Could you pass the test to become a U.S. Citizen?

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by Karin L. Nauber

karin@inhnews.com

Could you become a U.S. Citizen if you had to take the test that many thousands of immigrants choose to take each year because they want to legally have what comes with being a U.S. Citizen?

I took the test on some of the questions that could be asked and received a 90% score. 

I actually took the test along with a friend so we discussed things a bit.

But what about immigrants who wish to become a U.S. Citizen? What about someone who wants the privileges we enjoy, but they haven’t gone to 12 or more years of school to learn the information to attain these privileges?

According to a July 3, 2019 article in The New York Times, the following are the hardest of the 100 possible questions you could be asked if you had to take the citizenship test. (As determined by a 2011 study where Michigan State University Professor Paula Winke,  administered the questions to  volunteers and then ranked them based on how many of the questions each test-taker got right, according to the Times article.)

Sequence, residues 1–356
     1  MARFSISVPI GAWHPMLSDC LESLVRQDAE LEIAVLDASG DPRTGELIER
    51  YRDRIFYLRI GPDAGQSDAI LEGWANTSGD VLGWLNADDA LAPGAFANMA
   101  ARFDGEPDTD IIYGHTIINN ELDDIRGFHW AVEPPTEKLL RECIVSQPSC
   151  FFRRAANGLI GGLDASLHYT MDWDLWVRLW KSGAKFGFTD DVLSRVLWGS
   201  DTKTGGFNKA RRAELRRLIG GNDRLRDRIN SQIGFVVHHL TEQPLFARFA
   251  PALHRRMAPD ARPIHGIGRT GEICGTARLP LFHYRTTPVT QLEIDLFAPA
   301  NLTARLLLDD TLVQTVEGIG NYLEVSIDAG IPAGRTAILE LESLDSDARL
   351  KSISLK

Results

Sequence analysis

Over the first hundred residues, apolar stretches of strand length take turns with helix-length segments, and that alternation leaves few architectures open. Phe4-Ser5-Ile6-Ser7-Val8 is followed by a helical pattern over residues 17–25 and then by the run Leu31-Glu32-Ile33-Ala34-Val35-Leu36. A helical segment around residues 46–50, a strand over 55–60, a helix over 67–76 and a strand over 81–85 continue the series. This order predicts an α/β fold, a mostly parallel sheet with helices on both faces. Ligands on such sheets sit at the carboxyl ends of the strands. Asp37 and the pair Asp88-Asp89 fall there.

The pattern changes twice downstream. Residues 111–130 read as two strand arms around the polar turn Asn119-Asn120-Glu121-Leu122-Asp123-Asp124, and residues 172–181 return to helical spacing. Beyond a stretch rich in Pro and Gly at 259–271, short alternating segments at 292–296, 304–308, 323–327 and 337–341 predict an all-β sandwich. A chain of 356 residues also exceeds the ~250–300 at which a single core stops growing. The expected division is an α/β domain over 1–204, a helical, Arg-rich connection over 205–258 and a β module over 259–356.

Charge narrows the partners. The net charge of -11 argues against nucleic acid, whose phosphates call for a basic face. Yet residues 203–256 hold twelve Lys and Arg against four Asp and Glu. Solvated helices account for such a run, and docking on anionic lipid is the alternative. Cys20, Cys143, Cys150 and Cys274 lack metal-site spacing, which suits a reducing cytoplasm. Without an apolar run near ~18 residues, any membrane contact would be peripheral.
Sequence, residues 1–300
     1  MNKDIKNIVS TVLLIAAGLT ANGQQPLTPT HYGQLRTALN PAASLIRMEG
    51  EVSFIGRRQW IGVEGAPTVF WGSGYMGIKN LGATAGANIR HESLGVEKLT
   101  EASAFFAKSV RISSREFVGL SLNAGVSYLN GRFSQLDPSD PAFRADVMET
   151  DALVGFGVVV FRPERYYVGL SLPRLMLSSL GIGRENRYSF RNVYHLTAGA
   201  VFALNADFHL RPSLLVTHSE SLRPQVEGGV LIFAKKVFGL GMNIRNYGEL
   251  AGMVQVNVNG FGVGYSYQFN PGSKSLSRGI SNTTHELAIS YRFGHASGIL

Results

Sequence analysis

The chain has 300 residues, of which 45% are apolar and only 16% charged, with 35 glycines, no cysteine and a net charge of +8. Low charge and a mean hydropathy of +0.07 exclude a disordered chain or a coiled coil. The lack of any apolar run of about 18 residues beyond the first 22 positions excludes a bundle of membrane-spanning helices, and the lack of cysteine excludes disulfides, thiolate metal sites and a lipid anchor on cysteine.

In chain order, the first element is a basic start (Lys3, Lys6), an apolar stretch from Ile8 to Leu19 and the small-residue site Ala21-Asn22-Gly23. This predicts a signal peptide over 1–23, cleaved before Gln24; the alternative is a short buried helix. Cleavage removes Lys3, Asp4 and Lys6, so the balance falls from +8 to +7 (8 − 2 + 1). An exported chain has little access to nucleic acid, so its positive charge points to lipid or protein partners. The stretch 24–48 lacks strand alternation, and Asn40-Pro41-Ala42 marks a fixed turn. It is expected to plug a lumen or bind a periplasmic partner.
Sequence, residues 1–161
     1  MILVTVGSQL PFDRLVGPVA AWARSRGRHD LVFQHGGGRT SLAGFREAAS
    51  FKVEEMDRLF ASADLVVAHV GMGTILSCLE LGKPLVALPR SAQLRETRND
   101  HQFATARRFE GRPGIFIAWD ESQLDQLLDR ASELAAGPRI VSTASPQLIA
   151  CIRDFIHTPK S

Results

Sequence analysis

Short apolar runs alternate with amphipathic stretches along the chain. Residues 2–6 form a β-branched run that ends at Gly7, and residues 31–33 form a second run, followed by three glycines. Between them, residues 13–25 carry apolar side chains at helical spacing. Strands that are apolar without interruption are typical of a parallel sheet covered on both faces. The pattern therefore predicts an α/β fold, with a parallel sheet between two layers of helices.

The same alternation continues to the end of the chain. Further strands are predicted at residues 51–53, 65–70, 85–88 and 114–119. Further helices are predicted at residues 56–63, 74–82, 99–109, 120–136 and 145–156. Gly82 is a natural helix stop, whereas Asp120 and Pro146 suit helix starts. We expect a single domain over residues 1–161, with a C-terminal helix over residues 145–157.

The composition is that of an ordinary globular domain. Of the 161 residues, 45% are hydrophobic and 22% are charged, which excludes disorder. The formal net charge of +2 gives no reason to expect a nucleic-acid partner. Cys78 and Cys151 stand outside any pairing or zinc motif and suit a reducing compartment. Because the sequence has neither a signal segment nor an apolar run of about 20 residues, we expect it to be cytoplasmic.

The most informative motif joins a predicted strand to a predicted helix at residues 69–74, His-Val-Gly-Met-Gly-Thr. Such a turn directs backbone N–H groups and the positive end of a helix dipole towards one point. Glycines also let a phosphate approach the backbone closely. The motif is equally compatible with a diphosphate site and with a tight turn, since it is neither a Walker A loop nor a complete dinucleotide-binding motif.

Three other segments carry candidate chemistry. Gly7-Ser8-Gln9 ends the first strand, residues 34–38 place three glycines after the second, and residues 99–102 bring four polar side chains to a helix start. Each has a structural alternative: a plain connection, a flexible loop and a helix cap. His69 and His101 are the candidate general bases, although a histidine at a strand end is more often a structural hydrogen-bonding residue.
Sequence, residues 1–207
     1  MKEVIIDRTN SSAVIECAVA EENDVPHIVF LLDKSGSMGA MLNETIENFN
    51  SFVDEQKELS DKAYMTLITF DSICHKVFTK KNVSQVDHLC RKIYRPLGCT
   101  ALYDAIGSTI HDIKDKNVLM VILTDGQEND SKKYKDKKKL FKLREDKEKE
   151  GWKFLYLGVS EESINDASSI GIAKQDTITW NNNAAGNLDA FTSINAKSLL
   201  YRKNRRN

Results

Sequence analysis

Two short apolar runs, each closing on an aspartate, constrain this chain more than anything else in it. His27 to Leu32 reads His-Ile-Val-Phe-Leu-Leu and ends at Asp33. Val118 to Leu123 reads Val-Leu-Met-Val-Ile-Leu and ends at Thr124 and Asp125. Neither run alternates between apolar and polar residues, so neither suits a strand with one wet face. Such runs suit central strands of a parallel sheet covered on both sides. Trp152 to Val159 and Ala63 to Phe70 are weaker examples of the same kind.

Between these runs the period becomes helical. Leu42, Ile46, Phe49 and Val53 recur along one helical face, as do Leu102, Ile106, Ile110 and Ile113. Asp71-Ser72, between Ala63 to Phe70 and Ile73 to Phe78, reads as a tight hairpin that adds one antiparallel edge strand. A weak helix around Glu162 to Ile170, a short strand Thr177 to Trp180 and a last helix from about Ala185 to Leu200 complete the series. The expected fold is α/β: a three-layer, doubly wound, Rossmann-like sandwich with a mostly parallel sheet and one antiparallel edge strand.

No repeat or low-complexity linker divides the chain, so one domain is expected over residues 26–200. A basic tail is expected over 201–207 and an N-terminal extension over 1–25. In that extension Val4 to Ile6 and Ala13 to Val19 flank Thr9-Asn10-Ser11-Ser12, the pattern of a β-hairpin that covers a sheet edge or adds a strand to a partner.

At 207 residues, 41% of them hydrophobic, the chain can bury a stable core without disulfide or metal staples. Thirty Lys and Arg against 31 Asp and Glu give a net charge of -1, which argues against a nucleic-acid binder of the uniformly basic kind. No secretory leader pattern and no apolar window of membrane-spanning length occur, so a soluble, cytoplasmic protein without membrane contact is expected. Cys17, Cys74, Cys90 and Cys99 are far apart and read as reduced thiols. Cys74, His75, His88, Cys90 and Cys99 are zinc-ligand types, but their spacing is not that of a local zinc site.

If I was confronted with the following questions, I am not sure if I would pass. 

Give it a try. Don’t skip to the end to see the answers until you are completely done with the test.

(Remember, these are 10 of the 100 questions currently asked by the citizenship test. You could be asked any 10 questions, not all 100.)

1. How many amendments does the Constitution have?

• 14

• 21

• 25

• 27

2. Which of these is something Benjamin Franklin is known for?

• He was the first person to sign the Constitution

• He discovered electricity

• He was the nation’s first postmaster general

• He was the nation’s second president . . . 

(Check out our print edition for more questions and the answers!)

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